Bankers hållbarhetsredovisning och innehållets relevans för deras intressenter : en fallstudie på företag inom banksektorn

University essay from SLU/Dept. of Economics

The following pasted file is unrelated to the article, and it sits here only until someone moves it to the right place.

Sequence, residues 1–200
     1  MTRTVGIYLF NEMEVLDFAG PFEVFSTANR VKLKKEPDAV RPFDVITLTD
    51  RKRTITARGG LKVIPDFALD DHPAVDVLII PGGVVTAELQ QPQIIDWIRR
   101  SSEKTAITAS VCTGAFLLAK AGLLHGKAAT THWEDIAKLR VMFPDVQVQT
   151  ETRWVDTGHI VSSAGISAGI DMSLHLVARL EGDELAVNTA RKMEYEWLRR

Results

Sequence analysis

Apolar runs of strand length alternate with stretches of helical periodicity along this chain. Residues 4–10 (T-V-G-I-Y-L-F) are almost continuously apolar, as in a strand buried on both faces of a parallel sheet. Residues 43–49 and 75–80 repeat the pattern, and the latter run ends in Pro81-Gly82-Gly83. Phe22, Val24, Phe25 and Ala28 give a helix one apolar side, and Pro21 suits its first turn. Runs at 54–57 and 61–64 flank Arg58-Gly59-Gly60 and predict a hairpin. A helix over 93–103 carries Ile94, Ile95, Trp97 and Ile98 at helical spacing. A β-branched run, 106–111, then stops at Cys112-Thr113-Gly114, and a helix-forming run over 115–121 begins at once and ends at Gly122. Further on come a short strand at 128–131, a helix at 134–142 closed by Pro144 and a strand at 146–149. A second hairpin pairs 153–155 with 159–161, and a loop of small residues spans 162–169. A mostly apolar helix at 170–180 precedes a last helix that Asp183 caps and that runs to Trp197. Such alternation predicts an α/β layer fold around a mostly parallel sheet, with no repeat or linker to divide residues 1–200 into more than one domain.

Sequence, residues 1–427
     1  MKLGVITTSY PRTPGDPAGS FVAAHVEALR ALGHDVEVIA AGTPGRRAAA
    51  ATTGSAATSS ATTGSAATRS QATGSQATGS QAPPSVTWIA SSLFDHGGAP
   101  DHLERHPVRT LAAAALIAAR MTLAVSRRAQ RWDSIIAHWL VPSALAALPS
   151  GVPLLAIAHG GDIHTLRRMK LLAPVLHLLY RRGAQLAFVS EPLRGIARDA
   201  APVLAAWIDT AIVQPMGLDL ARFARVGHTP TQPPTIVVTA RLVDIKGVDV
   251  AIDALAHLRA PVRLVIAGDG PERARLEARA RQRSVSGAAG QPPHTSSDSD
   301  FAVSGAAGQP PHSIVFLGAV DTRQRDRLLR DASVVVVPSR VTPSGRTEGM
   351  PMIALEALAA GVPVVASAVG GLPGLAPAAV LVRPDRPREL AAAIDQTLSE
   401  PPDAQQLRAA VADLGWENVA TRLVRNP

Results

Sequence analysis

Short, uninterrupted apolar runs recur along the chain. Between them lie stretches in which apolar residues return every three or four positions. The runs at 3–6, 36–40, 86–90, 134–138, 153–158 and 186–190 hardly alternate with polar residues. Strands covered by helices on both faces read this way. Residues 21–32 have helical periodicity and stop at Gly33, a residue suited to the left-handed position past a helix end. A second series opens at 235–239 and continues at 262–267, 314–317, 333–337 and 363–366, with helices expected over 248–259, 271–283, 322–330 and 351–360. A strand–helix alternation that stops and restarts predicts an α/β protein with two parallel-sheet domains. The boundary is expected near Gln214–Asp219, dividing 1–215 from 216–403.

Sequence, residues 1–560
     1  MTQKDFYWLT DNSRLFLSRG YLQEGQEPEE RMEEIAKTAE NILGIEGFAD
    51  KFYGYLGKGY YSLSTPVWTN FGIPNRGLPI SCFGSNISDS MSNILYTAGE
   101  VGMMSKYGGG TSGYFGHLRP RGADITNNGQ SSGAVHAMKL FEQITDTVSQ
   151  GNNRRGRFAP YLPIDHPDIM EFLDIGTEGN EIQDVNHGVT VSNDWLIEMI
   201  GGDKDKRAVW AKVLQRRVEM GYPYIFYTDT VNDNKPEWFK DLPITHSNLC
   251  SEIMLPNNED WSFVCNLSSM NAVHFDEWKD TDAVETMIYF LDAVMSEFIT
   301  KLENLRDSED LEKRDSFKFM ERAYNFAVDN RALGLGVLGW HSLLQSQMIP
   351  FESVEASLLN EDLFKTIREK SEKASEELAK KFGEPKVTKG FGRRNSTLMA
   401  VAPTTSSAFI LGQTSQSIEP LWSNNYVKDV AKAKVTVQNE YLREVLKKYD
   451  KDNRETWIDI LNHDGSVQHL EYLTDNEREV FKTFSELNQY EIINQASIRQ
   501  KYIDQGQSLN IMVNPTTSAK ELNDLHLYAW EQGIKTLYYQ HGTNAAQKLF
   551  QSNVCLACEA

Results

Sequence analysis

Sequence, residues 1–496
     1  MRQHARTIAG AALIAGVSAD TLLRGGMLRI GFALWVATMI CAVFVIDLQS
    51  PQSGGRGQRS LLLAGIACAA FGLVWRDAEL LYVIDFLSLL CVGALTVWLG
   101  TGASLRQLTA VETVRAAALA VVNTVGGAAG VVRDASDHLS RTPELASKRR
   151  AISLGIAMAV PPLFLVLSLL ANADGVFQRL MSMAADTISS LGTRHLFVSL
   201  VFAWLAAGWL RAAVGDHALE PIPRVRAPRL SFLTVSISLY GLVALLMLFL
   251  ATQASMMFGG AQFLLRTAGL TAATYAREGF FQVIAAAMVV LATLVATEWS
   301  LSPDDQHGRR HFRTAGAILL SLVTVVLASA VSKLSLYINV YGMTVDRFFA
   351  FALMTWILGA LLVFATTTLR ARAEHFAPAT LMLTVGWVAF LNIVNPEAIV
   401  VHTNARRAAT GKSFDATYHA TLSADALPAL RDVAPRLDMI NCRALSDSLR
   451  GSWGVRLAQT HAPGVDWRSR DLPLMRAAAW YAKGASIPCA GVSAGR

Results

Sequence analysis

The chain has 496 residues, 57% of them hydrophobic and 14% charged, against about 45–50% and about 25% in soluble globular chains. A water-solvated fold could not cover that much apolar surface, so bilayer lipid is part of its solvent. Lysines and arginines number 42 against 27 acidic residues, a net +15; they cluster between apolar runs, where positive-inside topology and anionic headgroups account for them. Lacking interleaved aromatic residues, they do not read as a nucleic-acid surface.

Abstract: Recently, a new directive on sustainability reporting has been introduced in the European Union, which states that all major companies within the union are required to establish a sustainability report for the public. One reason for this is that stakeholders in society demand transparency and openness in sustainability issues that concern the social and environmental impact of corporations. The financial sector has historically been worse in reporting their impact than other industries due to the complexity to trace their investments and lendings effect on climate and social factors. Many stakeholders are seeking transparency and information that is not included in the legal requirement, which means that many companies, including banks, choose to disclose more non-financial information in their sustainability reports than is required by law. The purpose of this study is therefore to investigate which of the drivers contribute to voluntarily report more information than mandatory, what kind of information stakeholders expect and what challenges the financial sector has to meet stakeholder expectations. To give the reader an understanding of the background of sustainability reporting and the new legislation relevant theories are presented. In order to fulfill the purpose of the study, a qualitative research method is assumed in which semi-structured interviews were conducted with sustainability experts and managers from three different banks (Nordea, Länsförsäkringar & Ikano Bank). There are also interviews with two representatives from two different stakeholder groups, an investor and a non-governmental organisation (NGO). The organization is specifically focused in banks sustainability work so that they can investigate what kind of sustainability information they request. The collected data is derived from the answers respondents stated based in an interview guide. The study's results show that banks report more non-financial information than mandatory to create legitimacy by being transparent to its stakeholders. Banks, however, find it difficult to meet stakeholders' demand for information that is not covered by the legal requirement in terms of quantified sustainability data that measures their business's climate and social impact. The stakeholders believe the reports are mostly an abundance of text and storytelling. Investors and NGO:s are more interested in quantified data, sustainability goals and follow-up and results of these goals. The result also shows that there is no homogeneous structure for how the financial sector should report its sustainability work, which may suggest that there is no collaboration between the banks in how to best express their indirect impact. Since a sustainable and longterm development lies in the interests of both banks and stakeholders, such collaboration would benefit society as a whole.

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